Last Updated Feb 16, 2011 5:12 PM EST
So which places gave entrepreneurs the least incentive to set up shop in the last year?
1. The District of Columbia
Washington has high taxes across the board -- from personal income to corporate capital gains -- and a high crime rate and high minimum wage. Combine that with the highest rate of state and local government spending and a high percentage of government employees -- factors that are indicative of greater regulation and pull employees away from the more productive private sector -- and D.C. ranks as the worst place to start your business
2. New Jersey
Jersey has the second-highest property tax rate in the country at a 5.09 percent of personal income, along with high utility rate taxes, and poor private property protections.
3. New York
Despite boasting one of the business capitals of the world, the Empire state has some big negatives for entrepreneurs. A large number of health insurance mandates and high taxes -- including big levies on gas and diesel and consumption-based taxes -- make New York a tough place to start up and run a new business.
Like New York, California has high taxes across the board and a large number of insurance mandates. Business owners in the Golden state also have to deal with high utility costs and high workers' compensation costs.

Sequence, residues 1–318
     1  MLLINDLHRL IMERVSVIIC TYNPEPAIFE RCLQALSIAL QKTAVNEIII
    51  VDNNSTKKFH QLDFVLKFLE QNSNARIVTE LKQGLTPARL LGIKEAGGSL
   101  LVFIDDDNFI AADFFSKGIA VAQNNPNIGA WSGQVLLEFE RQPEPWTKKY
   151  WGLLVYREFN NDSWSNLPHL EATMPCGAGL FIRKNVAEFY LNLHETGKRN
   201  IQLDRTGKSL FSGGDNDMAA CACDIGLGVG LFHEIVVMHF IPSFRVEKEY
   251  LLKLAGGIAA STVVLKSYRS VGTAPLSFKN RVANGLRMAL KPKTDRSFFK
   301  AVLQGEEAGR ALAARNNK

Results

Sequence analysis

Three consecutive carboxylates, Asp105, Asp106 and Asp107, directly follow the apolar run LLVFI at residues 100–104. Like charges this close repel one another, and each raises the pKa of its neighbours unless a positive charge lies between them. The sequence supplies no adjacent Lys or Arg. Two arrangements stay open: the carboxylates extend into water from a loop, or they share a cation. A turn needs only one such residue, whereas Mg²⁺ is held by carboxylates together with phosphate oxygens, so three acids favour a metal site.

Entrepreneurs in Vermont pay high taxes on corporate and personal income, as well as capital gains. Combine that with a high level of state and local employees, and poor private property protections, and Vermont falls to the bottom of the list. One bright spot? A low crime rate.
On the other end of the spectrum, if you're looking for the friendliest place in the country to start a business, head to South Dakota. There you'll find no personal income, capital gains, or death taxes, among other benefits.
To see how your state measures up, see the full Small Business Survival Index.
(Image courtesy Flickr user euthman.)